Beware of Controversial Churnalism: News as Entertainment

Most newspapers and television stations aren’t really in the News and/or Information business. They’re in the advertising industry, making money by selling toothpaste and automobiles. Still, it drives me slightly nuts when so-called news programs and news channels use emotionally charged language to attract and hang onto viewers. Their hope is to keep you tuned in, so the really important thing you need to know is coming up in a few minutes or a few days. I’ve heard such enticements called “churnalism” because their goal is to stimulate readership and viewership, not to inform.

These words during a news broadcast or as headlines in a newspaper are a clue:

  • Alarming
  • Amazing
  • Angers
  • Blames
  • Bombshell
  • Chilling incident
  • Conspiracy
  • Controversial
  • Crackdown
  • Devastating
  • Disturbing
  • Emergency
  • Feared
  • Lashed out
  • Leaked documents
  • Monstrous
  • Power play
  • Scary
  • Shamed
  • Shocking
  • Sparking outrage
  • Stuns
  • Urgent
  • Victims

A key component of democracy is an educated electorate. We need information. I have no objection to legitimate descriptive words:

  • Deadly
  • Hoax
  • Indicted
  • Missile
  • Missing
  • Nuclear power
  • Rape
  • Sniper
  • Suicide bomber
  • Survivor
  • Suspect
  • Turmoil

There’s enough news that’s important and interesting to inform us without adding the lurid enticements of charged language. I’d prefer to keep our news sources and our entertainment sources separate. (I hope you’ll find some humor in and be entertained by this blog title, even though I have no toothpaste to sell: Beware of Controversial Churnalism.)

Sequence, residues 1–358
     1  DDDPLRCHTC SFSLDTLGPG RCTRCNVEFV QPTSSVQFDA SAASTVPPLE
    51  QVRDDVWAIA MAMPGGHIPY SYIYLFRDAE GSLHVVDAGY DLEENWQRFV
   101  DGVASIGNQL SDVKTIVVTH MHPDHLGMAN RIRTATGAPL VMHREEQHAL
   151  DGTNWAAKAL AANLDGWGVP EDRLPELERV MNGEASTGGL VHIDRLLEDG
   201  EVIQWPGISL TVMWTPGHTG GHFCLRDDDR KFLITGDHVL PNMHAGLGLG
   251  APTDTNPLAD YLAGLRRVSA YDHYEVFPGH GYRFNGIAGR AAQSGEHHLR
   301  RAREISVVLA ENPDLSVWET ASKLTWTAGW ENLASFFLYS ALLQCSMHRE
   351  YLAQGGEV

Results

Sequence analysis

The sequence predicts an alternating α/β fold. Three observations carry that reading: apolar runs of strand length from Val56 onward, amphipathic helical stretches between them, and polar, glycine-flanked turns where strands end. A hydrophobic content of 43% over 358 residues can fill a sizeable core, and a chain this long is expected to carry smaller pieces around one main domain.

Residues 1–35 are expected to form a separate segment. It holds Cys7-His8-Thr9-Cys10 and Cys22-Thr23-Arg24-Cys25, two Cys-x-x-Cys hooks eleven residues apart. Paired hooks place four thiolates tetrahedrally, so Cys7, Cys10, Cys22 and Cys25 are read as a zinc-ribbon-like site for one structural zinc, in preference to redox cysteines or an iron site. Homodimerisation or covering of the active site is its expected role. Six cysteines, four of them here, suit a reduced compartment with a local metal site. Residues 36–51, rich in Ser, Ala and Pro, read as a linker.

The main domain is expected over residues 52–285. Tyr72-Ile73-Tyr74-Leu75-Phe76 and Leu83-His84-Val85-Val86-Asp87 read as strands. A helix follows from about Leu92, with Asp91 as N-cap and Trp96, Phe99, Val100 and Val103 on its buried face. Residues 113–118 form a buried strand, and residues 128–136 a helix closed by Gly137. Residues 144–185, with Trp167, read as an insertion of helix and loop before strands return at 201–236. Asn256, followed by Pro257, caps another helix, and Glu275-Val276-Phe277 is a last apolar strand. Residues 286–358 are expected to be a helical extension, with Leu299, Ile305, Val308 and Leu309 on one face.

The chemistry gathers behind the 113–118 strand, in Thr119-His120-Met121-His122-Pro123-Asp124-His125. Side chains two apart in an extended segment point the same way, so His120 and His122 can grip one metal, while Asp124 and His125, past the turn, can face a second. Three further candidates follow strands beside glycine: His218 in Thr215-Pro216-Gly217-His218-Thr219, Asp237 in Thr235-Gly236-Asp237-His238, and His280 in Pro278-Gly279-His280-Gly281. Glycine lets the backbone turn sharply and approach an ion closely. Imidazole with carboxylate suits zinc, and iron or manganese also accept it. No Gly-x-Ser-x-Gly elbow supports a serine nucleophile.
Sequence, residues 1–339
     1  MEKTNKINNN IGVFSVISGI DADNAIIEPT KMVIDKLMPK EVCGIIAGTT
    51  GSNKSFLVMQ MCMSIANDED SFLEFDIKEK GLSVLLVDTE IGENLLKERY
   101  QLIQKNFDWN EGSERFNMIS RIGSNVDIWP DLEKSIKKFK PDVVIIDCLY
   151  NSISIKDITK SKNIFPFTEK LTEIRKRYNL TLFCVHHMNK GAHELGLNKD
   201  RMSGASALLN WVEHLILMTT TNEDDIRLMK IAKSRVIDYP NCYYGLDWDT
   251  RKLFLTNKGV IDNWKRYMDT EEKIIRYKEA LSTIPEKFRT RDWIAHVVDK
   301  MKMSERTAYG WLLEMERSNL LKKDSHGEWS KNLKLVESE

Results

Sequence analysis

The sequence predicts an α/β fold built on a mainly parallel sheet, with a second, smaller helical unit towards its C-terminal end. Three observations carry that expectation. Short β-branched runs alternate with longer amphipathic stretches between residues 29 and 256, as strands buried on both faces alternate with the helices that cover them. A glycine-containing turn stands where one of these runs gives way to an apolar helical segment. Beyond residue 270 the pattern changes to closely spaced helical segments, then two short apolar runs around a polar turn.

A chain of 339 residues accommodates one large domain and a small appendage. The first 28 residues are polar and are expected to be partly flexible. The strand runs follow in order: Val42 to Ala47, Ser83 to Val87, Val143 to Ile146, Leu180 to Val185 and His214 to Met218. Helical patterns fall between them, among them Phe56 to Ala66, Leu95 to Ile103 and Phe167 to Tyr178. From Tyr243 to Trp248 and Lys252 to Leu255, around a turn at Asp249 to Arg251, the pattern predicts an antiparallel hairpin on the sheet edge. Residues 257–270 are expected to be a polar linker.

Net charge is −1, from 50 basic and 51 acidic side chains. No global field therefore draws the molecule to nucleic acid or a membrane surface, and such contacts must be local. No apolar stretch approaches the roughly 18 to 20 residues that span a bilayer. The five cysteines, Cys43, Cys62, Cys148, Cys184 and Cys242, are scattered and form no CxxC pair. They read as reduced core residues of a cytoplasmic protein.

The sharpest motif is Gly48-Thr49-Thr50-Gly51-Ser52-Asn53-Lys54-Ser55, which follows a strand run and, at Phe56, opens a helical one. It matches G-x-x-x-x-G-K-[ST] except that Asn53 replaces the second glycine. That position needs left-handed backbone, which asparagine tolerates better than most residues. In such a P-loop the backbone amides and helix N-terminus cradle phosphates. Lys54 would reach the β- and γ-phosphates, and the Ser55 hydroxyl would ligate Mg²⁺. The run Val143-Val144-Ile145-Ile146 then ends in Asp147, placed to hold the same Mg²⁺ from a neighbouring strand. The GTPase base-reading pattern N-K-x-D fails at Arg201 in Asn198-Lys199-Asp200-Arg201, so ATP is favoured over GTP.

Categories: Writing | Tags: , , , , , , , , , , , | 3 Comments

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3 thoughts on “Beware of Controversial Churnalism: News as Entertainment

  1. Karen Martin

    Although not a big fan of television I do like to tune into the news occasionally. I agree with your view of so called churnalism. I tend to tune out these entertaining journalists by turning off the television or leaving the room. There are better sources available to get answers to what’s going on in the world.

  2. Jim Catoe

    “If it bleeds, it leads.”

  3. Rhetoric, in and of itself, is neither positive or negative. It’s how you spin it that changes that. This is what I teach my trainees about communication.

    There was a day when the news were based on just the facts. Unfortunately, competition for viewers has changed that approach. The sad thing is most people don’t recognize they are being played.

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